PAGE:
A Universally Unique Identifier (UUID) is a 36-digit code that is used to identify or label something. For the purposes of this article, we will discuss UUIDs as they pertain to block level devices, which is what R1soft backs up. Older versions of Linux used labels to identify devices. You essentially assign each partition a label and the OS will mount the partition according to their location. Here is an example of what that looks like:
This was the prevalent way to mount and identify devices before the use of UUIDs. However, there were some issues with this method. Let’s say you add another hard drive to the server in question and now it’s SDA. The drive that was SDA gets bumped to SDB. Since the label system uses partitions, now your partition scheme is faulty. This could lead to the system not starting and/or major system errors. It was not a very good system to use for mounting drives. Thus, a new system was devised. What if we gave every block device it’s on UUID? You can see an example of this below:
Since the partition will always have that UUID, no matter if the partition is moved from sdb to sdc it will still be mounted to the correct point. If you are wondering why you are only seeing this set up for boot, it’s because / is setup on a LVM. However, if you look at the output for lvdisplay below, you will see each LVM volume has its own UUID.
Pretty much every device in your system has a UUID that is unique to it and can be used to identify the device. Most Linux distros use UUID to mount filesystems by default.
R1soft Server Backup Manager is used to back up block devices since we are backing up blocks and not actual files. This makes the UUID of block-level devices extremely useful for us, especially when it comes to tracking where the data for a block-level device goes on the OS. Let’s take a look at the following picture:
As you can see, a snapshot of boot has been started. I used the command blkid to see the UUIDs of all the block level devices on the system. As you can see the partition /boot and our snapshot for /boot have the exact same UUID. This is because the snapshot is a re-creation of that partition and is an exact copy of the /boot partition. We then send this information back to the Backup Manager and it keeps track of it. When you make a restore request, we use the UUIDs for the devices and well as LVM volumes to recreate the partition scheme of the OS.
Several commands can be used to view the UUID for your devices, but here are two of the most common methods:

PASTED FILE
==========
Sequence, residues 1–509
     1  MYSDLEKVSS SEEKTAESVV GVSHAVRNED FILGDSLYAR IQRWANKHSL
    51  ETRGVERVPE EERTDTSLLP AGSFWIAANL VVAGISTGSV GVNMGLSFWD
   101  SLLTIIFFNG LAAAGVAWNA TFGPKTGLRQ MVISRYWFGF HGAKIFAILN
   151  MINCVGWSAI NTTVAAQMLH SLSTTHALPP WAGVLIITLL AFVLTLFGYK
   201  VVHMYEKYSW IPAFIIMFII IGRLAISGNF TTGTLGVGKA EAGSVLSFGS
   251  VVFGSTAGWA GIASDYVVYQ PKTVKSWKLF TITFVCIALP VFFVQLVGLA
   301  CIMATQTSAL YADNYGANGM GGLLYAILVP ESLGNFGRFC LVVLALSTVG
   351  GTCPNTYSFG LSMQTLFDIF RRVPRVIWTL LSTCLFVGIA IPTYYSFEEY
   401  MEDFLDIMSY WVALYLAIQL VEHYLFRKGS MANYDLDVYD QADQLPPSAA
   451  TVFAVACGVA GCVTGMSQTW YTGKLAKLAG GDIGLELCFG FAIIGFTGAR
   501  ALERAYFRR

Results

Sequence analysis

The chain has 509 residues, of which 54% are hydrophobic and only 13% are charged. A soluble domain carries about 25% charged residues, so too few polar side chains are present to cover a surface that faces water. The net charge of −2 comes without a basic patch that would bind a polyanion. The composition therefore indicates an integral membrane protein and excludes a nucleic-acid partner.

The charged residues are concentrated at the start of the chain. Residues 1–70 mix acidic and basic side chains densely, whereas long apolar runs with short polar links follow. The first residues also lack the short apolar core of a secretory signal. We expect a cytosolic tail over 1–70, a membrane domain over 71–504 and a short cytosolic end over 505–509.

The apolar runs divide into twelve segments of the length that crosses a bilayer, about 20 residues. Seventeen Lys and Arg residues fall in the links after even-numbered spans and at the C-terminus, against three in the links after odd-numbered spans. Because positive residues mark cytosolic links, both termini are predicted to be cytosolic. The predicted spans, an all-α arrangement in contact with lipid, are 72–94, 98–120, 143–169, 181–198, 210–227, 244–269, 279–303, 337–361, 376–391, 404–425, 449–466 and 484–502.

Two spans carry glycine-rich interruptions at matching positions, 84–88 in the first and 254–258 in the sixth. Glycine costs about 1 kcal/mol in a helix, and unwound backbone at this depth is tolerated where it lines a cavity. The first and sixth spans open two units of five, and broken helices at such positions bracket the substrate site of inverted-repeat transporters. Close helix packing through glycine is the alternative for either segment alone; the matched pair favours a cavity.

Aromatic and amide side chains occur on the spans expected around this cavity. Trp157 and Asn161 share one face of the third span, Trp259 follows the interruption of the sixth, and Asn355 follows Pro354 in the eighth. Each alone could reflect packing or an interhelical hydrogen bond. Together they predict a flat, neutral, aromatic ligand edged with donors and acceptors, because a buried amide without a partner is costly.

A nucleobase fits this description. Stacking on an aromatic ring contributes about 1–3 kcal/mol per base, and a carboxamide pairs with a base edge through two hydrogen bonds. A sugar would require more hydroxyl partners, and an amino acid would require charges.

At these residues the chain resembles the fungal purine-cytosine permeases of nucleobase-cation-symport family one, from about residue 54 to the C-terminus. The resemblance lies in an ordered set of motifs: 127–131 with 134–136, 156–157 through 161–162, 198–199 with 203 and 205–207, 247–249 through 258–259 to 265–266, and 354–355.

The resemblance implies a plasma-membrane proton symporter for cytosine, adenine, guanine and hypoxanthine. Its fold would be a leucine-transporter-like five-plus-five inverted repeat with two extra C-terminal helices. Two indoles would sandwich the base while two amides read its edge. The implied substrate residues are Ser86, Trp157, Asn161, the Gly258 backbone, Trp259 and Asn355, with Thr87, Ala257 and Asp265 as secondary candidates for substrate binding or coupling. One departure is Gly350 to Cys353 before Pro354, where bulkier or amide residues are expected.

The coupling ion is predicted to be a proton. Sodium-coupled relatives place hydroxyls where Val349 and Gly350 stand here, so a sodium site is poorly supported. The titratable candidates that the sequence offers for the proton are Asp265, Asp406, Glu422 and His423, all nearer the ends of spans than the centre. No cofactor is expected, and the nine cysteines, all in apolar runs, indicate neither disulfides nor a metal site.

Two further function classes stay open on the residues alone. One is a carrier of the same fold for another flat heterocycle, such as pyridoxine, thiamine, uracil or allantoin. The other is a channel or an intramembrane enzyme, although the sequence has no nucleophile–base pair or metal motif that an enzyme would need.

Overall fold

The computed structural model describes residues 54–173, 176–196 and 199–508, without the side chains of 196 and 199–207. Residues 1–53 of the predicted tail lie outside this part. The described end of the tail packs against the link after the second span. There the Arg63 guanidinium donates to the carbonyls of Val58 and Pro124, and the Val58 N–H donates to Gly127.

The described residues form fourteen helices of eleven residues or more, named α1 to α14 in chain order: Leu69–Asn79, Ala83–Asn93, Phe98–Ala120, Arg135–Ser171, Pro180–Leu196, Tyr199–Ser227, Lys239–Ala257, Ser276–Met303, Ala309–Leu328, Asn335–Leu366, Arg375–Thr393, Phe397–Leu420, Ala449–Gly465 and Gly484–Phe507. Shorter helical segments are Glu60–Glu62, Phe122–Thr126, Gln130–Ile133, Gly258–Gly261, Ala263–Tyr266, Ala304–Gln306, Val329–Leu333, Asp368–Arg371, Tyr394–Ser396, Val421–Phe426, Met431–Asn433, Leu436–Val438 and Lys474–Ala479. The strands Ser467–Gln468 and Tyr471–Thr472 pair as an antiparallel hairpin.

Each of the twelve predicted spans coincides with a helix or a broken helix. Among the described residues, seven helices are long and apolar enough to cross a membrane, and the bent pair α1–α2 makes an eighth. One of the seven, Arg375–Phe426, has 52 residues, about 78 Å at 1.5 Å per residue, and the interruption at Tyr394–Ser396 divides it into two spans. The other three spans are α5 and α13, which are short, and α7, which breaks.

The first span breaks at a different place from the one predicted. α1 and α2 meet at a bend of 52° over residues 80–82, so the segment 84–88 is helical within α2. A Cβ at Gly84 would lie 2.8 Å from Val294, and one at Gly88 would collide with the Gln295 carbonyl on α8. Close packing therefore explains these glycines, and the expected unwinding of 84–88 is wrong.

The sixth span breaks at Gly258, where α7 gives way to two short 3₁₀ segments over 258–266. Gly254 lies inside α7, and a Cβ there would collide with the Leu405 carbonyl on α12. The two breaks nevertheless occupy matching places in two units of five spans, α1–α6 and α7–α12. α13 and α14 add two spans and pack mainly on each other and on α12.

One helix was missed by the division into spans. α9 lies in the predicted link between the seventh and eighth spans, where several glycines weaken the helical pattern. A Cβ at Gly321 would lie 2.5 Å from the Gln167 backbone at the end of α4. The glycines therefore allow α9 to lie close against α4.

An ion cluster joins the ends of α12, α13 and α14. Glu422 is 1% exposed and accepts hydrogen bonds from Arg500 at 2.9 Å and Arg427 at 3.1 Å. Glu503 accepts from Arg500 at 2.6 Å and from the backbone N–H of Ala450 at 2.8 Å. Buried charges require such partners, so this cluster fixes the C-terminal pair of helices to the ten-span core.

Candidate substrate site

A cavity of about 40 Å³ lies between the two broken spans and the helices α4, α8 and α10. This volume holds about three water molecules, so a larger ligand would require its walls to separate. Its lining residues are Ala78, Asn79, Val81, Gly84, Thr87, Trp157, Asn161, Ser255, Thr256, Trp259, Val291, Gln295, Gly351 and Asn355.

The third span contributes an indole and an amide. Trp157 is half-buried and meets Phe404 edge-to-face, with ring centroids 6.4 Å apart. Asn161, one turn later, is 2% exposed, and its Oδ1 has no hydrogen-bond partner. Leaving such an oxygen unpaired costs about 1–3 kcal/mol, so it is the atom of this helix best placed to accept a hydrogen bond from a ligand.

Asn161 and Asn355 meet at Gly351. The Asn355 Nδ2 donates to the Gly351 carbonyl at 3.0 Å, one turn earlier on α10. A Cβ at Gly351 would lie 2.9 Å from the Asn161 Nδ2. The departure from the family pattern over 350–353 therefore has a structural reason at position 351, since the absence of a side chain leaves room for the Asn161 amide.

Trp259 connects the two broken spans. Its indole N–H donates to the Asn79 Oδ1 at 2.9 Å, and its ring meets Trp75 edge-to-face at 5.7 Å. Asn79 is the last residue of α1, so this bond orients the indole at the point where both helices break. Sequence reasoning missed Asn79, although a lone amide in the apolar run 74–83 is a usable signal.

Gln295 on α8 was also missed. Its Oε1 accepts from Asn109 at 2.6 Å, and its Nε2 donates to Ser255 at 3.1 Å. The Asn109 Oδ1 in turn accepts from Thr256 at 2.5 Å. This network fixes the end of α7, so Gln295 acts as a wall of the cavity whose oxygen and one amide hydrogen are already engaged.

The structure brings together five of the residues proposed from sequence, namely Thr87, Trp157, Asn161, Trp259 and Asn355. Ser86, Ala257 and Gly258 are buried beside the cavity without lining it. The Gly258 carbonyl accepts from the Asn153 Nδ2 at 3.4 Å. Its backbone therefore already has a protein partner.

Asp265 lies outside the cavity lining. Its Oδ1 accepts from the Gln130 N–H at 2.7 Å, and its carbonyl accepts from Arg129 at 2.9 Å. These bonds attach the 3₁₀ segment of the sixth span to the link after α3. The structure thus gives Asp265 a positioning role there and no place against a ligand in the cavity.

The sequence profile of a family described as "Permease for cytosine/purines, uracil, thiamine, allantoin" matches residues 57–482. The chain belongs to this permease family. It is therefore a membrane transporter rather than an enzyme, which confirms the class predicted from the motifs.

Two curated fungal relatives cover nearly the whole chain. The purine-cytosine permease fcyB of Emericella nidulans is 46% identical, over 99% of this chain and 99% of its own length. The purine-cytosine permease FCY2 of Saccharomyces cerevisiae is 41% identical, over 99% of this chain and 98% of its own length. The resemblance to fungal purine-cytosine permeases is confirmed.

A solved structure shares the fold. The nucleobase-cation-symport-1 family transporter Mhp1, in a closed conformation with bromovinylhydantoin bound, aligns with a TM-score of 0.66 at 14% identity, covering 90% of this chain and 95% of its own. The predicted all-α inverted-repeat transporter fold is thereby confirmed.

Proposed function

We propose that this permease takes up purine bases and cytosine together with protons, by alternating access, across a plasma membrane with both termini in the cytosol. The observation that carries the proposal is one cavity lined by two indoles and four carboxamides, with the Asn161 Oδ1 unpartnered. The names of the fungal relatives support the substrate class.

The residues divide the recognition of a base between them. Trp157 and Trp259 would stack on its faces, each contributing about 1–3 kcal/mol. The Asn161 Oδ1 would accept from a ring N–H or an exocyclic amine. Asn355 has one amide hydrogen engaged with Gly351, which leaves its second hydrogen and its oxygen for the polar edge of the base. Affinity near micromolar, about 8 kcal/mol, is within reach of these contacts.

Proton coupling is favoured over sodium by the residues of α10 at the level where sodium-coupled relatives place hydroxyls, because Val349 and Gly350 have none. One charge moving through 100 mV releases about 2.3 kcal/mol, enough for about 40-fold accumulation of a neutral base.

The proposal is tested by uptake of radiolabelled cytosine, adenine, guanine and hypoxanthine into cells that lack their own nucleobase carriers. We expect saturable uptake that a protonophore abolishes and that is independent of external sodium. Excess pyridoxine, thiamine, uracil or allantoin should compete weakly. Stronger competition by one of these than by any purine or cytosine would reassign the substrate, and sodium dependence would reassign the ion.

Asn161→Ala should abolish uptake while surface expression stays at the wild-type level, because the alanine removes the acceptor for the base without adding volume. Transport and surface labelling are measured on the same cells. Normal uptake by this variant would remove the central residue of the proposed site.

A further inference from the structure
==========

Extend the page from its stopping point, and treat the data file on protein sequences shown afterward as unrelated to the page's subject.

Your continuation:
The command blkid can be used to view the UUID information of all block-level devices on the system. Note that this will not provide you with the UUID information for LVM partitions. An example of its use was provided above, but the following image also displays the command in action:
You’ll also see that R1soft supplies its own copy of blkid, but it generally returns the same information as the blkid provided by the OS.
The second method is to do a ls on /dev/disk/by-uuid. This will again show you all the devices on your system that have a UUID.
As you can see, the lvm setup displays as well as the UUID for /boot partition which is not associated with the LVM.
Generally speaking, you will not run into any issues using UUID if every device has a unique UUID. However, we have encountered some issues. Let’s take a look at the most common.
Under no circumstances should you run a mount --a while a backup is occurring. As we saw earlier, when we create a snapshot of a block-level device, it is created with the same UUID device it is copying.
When you run mount --a, you basically tell the OS to unmount all mounted partitions (including the snapshot) and remount them according to the information listed in fstab. However, Linux will not stop the two different partitions from being mounted to the same mount point. So since the snapshot and the actual partition have the same UUID, you risk the snapshot being mounted to the same mount point as the real partition. This leads to a scenario where the OS will start writing to the snapshot instead of the actual partition. This can potentially lead to loss of data, which is why we recommend that you wait for the Backup to run or mount the actual partition you need remounted individually.
Another common practice that can lead to issues is LVM cloning. Some software used to clone devices will also copy the UUID for the device. If you recall, we use UUID to identify each disk, which is essential during a BMR. Our Backup Software will fail the backup and warn you that it has detected a duplicate UUID. However, you just need to change the UUID for one of the devices. Here are instructions on how to do this:
1. Get the device path of the device you are trying to change. The blkid method is used in the image below:
2. Next, generate a UUID by using the command uuidgen.
3. Use tune2fs to change the UUID of the selected partition. In this case, we changed the UUID of /dev/sdc.